And it makes something else clear to me, something I’d known intellectually but never understood. Steve’s not above it all; if he’s seen as being above the fray, it’s got nothing to do with who he actually is. He’s got as much skin in the game as anyone else. Growing up the way he did, he’d have to.

He comes back a few minutes after I’m done reading. “What did you think?” he asks.

“I think it’s really good,” I say. “And I hope you’ll think about publishing it.”

“You think I could?” he asks. “I guess if I used a pen name--”

“Don’t use a pen name,” I say. “Publish it publicly-- as publicly as you can. And then do a speaking tour to promote it. Do talk shows, start going to all those college commencements you get invited to-- all of it, the whole media circus.”

“You know I don’t like that stuff,” he says. “Why would I want to do that?”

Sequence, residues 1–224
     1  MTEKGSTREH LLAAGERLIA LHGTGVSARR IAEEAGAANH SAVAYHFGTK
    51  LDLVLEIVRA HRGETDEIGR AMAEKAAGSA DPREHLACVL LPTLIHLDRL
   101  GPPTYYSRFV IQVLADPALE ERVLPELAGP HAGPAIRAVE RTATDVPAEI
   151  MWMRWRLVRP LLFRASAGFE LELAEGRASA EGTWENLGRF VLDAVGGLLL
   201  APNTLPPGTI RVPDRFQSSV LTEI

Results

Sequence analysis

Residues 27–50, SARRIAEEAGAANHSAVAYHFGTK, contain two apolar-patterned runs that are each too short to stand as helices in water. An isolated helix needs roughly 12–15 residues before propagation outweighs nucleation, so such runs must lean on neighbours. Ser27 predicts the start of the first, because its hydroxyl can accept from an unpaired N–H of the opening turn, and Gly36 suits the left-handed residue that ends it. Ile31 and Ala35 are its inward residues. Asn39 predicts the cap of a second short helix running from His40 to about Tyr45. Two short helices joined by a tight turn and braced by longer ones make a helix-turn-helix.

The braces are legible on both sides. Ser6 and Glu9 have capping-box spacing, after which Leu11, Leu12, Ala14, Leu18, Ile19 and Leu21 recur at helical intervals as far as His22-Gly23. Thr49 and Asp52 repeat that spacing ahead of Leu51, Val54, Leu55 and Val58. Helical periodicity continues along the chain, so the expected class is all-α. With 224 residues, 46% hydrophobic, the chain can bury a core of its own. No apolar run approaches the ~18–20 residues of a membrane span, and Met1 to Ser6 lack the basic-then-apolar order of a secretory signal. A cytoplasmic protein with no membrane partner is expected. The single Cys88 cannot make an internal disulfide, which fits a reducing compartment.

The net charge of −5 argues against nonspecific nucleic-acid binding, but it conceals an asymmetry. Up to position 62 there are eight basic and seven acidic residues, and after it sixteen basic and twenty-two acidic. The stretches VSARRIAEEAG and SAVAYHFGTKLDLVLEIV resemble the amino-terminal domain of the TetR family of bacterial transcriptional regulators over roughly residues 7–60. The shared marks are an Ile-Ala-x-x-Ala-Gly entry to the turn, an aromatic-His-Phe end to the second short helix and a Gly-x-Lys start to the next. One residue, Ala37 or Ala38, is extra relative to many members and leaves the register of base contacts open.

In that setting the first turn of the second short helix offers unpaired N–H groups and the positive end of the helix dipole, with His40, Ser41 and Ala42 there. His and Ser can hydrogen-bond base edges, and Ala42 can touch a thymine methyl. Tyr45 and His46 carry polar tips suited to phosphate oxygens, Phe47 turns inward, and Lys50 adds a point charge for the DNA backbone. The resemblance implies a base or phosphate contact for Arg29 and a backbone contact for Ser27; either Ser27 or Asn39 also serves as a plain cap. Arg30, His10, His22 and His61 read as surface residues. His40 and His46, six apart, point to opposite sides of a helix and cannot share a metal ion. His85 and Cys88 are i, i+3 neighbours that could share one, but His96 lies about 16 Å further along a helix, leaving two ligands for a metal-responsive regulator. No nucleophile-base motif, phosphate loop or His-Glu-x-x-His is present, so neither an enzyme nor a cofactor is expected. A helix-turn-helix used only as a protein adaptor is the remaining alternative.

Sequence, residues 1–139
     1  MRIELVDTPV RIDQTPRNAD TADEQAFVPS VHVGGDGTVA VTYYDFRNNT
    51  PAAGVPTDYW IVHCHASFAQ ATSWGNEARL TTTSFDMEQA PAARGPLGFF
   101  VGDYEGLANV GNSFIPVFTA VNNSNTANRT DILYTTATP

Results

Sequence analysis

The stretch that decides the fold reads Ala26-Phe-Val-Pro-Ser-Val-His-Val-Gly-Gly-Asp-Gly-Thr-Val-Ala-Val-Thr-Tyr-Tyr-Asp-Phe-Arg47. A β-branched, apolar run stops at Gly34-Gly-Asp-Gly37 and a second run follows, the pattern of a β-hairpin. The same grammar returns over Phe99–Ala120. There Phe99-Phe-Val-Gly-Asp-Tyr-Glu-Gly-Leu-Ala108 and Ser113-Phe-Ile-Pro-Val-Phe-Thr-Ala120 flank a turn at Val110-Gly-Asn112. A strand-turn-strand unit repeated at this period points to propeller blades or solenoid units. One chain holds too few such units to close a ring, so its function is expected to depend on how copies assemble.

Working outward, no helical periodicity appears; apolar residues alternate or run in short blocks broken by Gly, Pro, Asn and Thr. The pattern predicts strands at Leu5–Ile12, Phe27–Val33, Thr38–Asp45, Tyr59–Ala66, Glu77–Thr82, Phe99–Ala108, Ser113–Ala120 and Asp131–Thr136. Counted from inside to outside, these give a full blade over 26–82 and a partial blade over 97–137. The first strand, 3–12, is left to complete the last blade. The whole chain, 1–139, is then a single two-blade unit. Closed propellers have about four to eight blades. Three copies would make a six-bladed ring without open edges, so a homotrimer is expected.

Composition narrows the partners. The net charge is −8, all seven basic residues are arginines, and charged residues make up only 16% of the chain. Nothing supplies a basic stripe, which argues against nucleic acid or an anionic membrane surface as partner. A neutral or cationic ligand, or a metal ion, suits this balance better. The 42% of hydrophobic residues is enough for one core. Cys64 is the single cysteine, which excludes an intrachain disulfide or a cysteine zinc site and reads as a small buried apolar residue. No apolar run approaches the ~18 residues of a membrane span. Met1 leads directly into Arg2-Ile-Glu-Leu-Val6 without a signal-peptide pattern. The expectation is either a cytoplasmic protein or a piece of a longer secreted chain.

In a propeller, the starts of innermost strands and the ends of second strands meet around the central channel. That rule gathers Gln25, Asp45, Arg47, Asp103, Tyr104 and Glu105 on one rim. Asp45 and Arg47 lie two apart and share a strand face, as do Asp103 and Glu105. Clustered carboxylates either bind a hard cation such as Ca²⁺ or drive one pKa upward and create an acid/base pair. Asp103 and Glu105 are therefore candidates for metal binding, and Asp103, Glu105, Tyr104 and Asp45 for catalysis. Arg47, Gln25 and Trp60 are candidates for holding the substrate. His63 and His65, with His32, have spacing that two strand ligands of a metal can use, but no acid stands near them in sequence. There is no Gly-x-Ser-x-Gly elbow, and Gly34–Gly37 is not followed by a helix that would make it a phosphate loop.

“Because you want to change the conversation, don’t you?” I ask. “When you get mad about me for worrying about your public image, it’s because you think that stuff gets in the way of making a real difference. Right?”

“Pretty much, yeah,” he says.

“Well, your public image matters. But if you do it right, you could have a platform that lets you push the whole national discourse to the left. I think, maybe, you could change things in a way nobody else could.”

He hunches his shoulders a little at that. “I think that’s giving me too much credit,” he says.

“It’s really not. The stuff you wrote about here? It would resonate with a lot of people. People who grew up poor, or marginalized, people who didn’t get a shot at the American dream. And then, when they’re done reading, they’re gonna turn on their TVs, and you’re gonna be there, talking about how we can work together to make things better for everyone.”

“That sounds like a pretty tall order,” Steve says, but I can tell he’s halfway to sold on what I’m saying.

“Maybe,” I say. “Think you’re up to it?””

“Well, I’ve never been one to back down from a fight,” Steve says, and grins at me.


When we arrive for the first stop on the book tour, Steve hands me a slip of white paper. “What’s this?” I ask him.

“The password for my Twitter account,” he tells me. “Go nuts.”

I shoot him a wry smile, and reach for my phone. “Thanks, boss.”